Taylor’s store was where it is now but a much smaller building. Above it was a pool room and a bowling alley. After the war, when I was in my early twenties, we had a club called the “MiddleBoaters”. Friday night we had mixed bowling teams. We would bowl from 7-9 pm then go to Emard’s restaurant for soft drinks and something to eat. Mr. Emard was a round, jolly French man who always had a joke to tell.
Brown’s drug store was on the corner of Victoria and Webster. The St. Lambert Southern Counties street car used to pass by the side of the building on Webster. It started out at the station neat St. Denis along passed the Bell Telephone building, across Victoria along Webster and down Mercille to Green Street. From there the street car went along Green to Oak Avenue, down Oak to Desaulniers Boulevards to Tiffin Road, across Tiffin and down to Lafayette and make a turn at the bottom of Lafayette and back to St. Lambert. The rail cars were called “jitneys” and the big HONY? ones were the size of a railroad car. The big ones, some brown and some orange, had a store at one end of the car.
We lived on Merton, just below Desaulniers, we often waited at the car stop (just a shed) for my father. It was exciting to greet him as the company connected up the big orange cars in tandem to take care of all of the commuters.
St. Denis had a large open field for football and baseball in the summer and in the winter the town set up a hockey rink. Before the Seaway, kids played hockey on the St. Lawrence river in the winter time. Ste Helen’s Island was a favourite place to go skiing, although it could be hazardous dodging park benches and tombstones from the old cemetery. From what we called the “Block House” we could zip down a hill facing the St. Lambert side, cross the road and end up on the river bank. In spring it could be hazardous cross the river from St. Lambert, especially when the ice would break up and huge cracks would appear in the ice. Often the River Road and streets like St. Denis would be flooded when the ice came up over the river bank.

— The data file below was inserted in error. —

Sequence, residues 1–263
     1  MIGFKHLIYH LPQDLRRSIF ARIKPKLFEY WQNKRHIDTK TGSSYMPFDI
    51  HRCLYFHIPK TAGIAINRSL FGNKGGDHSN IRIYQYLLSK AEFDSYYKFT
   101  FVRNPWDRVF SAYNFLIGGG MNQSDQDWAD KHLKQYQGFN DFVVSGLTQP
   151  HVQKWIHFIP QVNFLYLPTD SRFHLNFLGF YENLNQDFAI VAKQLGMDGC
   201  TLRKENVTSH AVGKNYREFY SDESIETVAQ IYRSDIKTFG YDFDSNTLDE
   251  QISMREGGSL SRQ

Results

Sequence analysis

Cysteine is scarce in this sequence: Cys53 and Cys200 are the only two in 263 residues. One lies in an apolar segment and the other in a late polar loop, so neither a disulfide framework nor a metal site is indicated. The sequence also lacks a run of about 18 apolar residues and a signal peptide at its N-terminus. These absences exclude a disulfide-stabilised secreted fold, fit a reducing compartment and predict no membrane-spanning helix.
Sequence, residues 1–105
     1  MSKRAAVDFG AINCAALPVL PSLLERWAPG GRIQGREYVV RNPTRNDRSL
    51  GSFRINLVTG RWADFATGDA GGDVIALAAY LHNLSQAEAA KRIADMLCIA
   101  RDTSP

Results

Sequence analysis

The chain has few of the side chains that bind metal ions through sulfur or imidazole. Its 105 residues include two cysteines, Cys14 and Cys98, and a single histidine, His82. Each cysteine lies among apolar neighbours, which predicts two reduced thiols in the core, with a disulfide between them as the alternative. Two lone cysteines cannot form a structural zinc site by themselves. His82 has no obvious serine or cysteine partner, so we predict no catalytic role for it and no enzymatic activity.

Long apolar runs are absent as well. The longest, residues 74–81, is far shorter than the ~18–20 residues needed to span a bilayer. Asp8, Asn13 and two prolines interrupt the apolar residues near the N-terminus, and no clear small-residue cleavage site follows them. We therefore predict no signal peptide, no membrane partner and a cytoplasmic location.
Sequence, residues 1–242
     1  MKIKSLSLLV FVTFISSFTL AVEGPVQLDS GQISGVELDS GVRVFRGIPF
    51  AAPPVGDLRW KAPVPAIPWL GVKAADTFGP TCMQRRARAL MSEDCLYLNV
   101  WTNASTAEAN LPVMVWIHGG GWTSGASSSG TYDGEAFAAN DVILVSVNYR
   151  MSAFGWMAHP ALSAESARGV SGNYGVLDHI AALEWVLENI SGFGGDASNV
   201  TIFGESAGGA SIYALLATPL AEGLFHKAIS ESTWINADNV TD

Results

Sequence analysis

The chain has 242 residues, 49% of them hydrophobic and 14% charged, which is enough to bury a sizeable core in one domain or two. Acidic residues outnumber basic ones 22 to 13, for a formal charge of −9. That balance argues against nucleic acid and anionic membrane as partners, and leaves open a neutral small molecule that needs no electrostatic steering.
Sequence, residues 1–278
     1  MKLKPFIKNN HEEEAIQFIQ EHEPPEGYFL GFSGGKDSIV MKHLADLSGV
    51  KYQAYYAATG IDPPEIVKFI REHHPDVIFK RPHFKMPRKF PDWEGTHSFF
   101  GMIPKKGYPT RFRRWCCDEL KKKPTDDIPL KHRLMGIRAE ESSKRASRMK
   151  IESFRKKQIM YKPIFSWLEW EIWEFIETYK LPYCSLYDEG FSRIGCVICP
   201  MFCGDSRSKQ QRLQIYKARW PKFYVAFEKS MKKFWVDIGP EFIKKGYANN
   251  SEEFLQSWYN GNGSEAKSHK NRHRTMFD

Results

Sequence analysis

When were kids, there was no television, only radio. We played outside much longer than kids today. In the winter it was road hockey played with a frozen tennis ball and two lumps of ice for goals. Cars were no problem on a winter afternoon. Only the odd car, including the police car would pass by. The police car was a maroon, four-door, 1929-30 Ford with a soft roof and side curtains. In addition they had two Harley-Davidson motorcycles. Victoria Street was patrolled by policeman on foot. I should mention Constable Brooks in particular, since he always took the time to speak to kids. He used to say “boys, your school days are the best time of your lives”.
In summer, we played “scrub” softball upon the big field above which is now Chambly County High. In the field we played “associates” or in other words, touch football.
In the late spring when the snow was soft we built snow forts and had snowball fights. There were no snow-blowers in the 1930s, the city used small one-man tractors mounted on caterpillar treads. We had huge snow banks and lots of water in the spring.